The Vice President was instrumental in bringing to Liberia credit facilities for Liberian women under the aegis of Foundation for Women through American Partners. Today, hundreds of Liberian women have benefitted from this program and their lives and those associated with them have been improved. Vice President Boakai is a unifier and a man who sees beyond political lines and ideologies. He thinks of Liberia as the only political party for all Liberians and the ultimate goal for all Liberians should be how to improve the nation so that poverty can be eliminated and for peace and prosperity to reign in every corner of the country.

    He has been touring Liberia despite road challenges and has gotten the needs of the country on the palm of his hand, all with one objective to improve the lives of all Liberians. His good working relationship with the President has surpassed that of any president and vice president in recent Liberian political history. We have a good working relationship” he boasts.  The two were schoolmates at the College of West Africa where they knew each other very well and President Sirleaf’s deceased husband worked with Vice President Boakai at the Ministry of Agriculture in the 1980s. President Sirleaf told a mammoth crowd at the Paynesville Town Hall in 2005 that, “With Joe behind me I can walk in the dark and not be afraid.”

    In furtherance of these objectives, Vice President Boakai has been on a trail of visitations around the world to advance the interest of the country. The series of Investment forums both in the United Kingdom and the United States provided him the opportunity to raise awareness on Liberia’s investment climate and opportunities. He is a strong advocate for advancement of the community college system in the country.  In that pursuit he flew to Phoenix, Arizona, United States of America, where he adopted the system and brought it back to Liberia. He went further to discuss technical high schools for Liberians who may not have the chance or want to go to college. He says the nation is built by technocrats–those who run power generators, lay blocks in the construction industry, shoe makers, painters, electricians, carpenters and agriculturists, etc.

    He was in Copenhagen for the climate change summit, in Australia for the Extractive Industries Transparency International (EITI) Summit, in India for the 9th Conclave of the Confederation of India Industry/Exim Bank which was focused on Africa –India Partnership, as well as in Senegal for the Water, Sanitation and Hygiene (WASH) Summit. Vice President Boakai has also addressed the United Nations General Assembly on behalf of the President, visited China to take a firsthand view of the steel industry, and showed up in several African, Asian and European nations in the interest of the country.  Literally all these have resulted in bolstering great partnerships and collaboration.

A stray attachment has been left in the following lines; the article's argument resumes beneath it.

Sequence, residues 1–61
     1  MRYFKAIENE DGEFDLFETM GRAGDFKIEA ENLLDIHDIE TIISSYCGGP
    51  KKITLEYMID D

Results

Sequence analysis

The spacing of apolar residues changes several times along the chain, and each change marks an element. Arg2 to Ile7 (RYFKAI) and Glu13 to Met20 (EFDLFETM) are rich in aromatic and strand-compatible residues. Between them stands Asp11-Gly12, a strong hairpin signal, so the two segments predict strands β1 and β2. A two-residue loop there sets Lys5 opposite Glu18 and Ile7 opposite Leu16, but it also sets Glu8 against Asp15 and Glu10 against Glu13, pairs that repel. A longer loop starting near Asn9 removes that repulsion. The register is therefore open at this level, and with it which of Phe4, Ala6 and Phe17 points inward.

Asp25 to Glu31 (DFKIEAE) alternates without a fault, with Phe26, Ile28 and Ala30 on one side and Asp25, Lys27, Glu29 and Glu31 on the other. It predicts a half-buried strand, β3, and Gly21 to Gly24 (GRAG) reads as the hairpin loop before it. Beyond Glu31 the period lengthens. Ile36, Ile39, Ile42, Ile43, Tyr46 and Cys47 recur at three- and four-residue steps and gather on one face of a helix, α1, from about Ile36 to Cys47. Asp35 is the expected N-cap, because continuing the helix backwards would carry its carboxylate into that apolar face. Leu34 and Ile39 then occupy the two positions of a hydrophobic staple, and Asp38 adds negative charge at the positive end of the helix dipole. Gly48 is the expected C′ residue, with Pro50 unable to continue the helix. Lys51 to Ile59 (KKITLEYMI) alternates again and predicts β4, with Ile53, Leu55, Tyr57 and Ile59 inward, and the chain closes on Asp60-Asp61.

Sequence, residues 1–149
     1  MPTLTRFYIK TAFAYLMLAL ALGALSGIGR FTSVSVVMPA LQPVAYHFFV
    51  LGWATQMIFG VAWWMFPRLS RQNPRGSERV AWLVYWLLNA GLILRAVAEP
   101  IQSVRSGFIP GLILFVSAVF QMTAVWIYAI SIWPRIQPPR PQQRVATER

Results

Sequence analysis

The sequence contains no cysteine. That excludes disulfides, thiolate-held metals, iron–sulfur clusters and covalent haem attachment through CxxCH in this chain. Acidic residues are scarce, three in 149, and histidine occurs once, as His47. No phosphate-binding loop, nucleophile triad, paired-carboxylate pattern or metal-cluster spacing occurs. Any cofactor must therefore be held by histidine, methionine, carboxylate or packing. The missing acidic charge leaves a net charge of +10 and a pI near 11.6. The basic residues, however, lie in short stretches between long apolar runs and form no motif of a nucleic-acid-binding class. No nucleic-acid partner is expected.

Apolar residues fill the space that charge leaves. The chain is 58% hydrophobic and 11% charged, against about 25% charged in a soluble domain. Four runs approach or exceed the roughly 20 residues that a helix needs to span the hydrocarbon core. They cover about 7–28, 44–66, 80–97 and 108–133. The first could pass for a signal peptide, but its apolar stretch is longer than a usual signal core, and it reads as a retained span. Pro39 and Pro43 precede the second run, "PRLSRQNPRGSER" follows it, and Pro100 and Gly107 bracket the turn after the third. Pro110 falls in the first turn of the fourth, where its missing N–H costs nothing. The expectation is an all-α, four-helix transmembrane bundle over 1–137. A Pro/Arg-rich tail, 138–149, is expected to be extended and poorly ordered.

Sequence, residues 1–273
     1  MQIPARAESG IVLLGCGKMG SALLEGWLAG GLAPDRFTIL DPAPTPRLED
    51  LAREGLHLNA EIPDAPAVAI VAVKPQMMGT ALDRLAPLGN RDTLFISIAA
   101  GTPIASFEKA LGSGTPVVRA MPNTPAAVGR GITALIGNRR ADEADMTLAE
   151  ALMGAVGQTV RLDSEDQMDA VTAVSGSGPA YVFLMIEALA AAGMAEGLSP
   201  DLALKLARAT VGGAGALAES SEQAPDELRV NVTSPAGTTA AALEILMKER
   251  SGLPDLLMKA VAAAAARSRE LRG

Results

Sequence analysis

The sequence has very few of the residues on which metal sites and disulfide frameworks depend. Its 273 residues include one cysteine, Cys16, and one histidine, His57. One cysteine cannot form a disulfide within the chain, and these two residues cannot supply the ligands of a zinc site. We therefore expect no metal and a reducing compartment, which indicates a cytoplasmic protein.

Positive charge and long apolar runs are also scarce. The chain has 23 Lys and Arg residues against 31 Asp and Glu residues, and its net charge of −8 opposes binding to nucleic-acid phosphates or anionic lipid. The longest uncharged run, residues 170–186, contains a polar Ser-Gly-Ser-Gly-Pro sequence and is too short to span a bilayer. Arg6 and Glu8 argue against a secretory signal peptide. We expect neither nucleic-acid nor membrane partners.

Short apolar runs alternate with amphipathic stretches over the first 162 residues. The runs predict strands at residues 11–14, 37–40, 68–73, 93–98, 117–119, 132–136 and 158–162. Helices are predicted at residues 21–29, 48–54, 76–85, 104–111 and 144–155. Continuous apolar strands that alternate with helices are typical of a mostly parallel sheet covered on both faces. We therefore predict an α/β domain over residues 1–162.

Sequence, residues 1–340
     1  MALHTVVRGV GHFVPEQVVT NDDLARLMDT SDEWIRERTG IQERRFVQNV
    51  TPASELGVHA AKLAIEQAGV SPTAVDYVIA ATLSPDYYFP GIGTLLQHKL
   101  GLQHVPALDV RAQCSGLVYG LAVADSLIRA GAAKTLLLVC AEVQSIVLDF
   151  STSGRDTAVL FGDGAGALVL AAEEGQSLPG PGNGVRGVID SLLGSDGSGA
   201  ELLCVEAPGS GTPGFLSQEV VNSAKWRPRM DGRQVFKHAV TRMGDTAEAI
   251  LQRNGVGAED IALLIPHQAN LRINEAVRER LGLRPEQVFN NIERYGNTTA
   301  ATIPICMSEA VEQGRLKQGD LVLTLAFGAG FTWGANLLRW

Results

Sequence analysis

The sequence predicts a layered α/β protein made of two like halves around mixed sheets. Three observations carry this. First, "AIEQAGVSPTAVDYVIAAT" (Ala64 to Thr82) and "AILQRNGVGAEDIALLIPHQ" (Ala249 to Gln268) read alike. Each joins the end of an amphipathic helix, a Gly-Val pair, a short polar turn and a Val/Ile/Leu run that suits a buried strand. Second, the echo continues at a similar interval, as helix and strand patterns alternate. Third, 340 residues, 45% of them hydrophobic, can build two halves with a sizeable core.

In August, following the outbreak of the Ebola epidemic in March he braved the Ebola storm, defied all advice and traveled to the epicenter of outbreak in Lofa, specifically meeting the people in Foya and then Barkedu. There he met with local and international health workers trying to contain the virus. His trip to that county rekindled hope to the people in that County.

    He holds firmly that the rebuilding of Liberia after the Ebola crisis will require more than rhetoric, vain political talks, and sloganeering. He sees prudent future planning in the dire need for the nation to get down to the business of growing more food to feed the nation and, in the same vein, pursuing those measures that will create jobs for the youth. He looks optimistically to the agro industry as the key reliable source of future of sustainable jobs.

    Share this page...Email this to someoneTweet about this on TwitterShare on FacebookShare on Google+Share on LinkedInPin on Pinterest

    Leave a comment